Some closure, but work to be done | NevadaAppeal.com

Some closure, but work to be done

Nevada Appeal editorial board

The thank-you celebration Sunday afternoon on the Capitol Complex lawn was a tremendous way to pull together the community for a bit of closure on the Waterfall fire and an outlook on the work still ahead.

The service clubs of Carson City deserve a solid pat on the back for pulling off on short notice the cookout and tribute to firefighters. It started with the Kiwanis and we also saw Rotary, Lions Club, Sertoma, Soroptimist, Elks, Eagles and Jaycees members toiling away to feed and refresh the thousands of people who turned out.

There were donations from several businesses and groceries, a banner from the Millard family and no doubt many contributions from several others – just the kind of cooperative effort we’ve come to expect from Carson City residents.

Reading some of the messages written on the “Thank you, firefighters” banner was touching and inspiring. It was a chance for people to express some of the emotion that built up over the course of several hectic and desperate days, when there were no guarantees just how long and far the fires would burn.

Some firefighters admitted to being a bit self-conscious at all the praise. It’s their job, they said. They’re supposed to protect lives and property. And, of course, hundreds of firefighters who were in Carson City to battle the blaze are now headed off to fight some other fire and protect someone else’s homes.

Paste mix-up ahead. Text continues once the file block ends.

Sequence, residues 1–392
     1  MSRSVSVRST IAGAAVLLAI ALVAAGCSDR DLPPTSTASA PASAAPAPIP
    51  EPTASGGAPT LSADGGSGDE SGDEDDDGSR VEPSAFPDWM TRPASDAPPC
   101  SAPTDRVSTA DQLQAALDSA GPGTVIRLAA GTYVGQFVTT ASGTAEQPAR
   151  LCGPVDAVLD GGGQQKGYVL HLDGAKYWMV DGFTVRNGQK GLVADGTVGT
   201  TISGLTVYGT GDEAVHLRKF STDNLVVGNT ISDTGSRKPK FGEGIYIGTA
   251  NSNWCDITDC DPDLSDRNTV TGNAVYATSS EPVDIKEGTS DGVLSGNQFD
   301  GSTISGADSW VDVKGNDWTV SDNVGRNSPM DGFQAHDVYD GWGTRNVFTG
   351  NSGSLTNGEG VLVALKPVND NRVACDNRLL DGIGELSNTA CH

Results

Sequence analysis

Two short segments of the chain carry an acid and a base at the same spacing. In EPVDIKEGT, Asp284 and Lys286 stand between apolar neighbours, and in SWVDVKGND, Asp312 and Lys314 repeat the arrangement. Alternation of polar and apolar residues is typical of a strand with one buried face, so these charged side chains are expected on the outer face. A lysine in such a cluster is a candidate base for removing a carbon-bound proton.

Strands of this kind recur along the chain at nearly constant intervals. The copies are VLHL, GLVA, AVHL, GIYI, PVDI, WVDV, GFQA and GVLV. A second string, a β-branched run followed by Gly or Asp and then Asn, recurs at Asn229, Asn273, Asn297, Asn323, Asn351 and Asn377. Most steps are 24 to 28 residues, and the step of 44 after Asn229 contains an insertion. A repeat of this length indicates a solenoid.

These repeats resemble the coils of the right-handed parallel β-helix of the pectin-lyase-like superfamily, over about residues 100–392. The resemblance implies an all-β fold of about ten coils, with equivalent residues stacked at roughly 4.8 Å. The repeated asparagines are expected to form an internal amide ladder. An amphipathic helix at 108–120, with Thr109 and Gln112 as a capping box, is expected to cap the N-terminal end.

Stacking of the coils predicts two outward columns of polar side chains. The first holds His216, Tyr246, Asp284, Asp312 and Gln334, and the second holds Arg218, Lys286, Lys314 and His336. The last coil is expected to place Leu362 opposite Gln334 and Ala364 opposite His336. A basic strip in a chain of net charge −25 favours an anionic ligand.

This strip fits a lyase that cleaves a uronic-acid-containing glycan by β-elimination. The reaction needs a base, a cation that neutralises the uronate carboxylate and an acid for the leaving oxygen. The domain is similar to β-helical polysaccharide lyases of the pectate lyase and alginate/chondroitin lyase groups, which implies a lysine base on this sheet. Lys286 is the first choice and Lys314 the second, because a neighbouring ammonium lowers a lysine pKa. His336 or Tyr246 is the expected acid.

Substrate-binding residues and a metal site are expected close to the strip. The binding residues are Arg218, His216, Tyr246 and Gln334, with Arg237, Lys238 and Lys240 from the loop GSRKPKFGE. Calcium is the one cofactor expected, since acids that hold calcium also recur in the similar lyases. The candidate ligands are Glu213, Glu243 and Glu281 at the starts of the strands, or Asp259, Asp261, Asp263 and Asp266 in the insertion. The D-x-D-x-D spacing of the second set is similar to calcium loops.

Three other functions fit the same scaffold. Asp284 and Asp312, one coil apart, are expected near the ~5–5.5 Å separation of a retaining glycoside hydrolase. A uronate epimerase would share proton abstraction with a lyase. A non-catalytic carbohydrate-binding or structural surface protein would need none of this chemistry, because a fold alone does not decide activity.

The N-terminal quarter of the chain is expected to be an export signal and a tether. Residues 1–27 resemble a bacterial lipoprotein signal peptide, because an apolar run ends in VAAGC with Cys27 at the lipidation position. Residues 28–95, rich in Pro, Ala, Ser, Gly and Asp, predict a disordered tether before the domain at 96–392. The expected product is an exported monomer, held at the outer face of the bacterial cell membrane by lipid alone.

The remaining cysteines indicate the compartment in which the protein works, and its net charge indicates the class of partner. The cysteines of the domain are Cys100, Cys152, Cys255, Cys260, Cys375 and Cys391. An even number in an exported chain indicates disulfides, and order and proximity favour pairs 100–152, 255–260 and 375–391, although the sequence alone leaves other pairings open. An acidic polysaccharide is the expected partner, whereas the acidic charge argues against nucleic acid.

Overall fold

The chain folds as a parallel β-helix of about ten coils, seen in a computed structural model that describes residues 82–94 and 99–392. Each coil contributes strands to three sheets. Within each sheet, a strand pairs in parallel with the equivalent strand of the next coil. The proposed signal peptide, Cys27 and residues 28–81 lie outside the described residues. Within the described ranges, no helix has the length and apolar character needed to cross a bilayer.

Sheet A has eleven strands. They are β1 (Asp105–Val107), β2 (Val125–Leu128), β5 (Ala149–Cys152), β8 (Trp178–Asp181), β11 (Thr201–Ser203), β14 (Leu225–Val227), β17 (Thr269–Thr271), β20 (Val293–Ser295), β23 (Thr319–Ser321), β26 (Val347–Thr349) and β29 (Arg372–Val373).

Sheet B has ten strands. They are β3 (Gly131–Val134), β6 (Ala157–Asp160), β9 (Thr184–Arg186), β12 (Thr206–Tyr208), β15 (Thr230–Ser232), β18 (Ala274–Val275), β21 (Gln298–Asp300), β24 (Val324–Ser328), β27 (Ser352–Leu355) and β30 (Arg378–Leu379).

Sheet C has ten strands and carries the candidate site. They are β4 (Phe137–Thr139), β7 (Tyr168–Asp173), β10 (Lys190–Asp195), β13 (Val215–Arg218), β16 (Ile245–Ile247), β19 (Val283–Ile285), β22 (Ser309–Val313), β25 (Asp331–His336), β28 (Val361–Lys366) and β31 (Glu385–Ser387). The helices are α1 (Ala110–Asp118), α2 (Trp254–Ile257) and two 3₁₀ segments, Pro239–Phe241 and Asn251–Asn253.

But it meant a great deal to Carson City residents to be able to express that gratitude. When they saw with their own eyes the danger and difficulty of the job – and how close many more came to having their homes lost or damaged – they felt the need to reach out.

At the same time, the service clubs were collecting donations and volunteers for the work ahead – planting and reseeding, to rehabilitate the burned areas.

The flyer they handed out read, “Please don’t pray for rain.” The reason, of course, is that Carson City’s water supply would be threatened by runoff from the scarred hills. It will take a long time to restore.

We hope to never have such a disaster again, but we know the potential for fires with every lightning storm and, now, the potential for damaging floods with every shower. The one constant is that, when tested, Carson City residents will come through.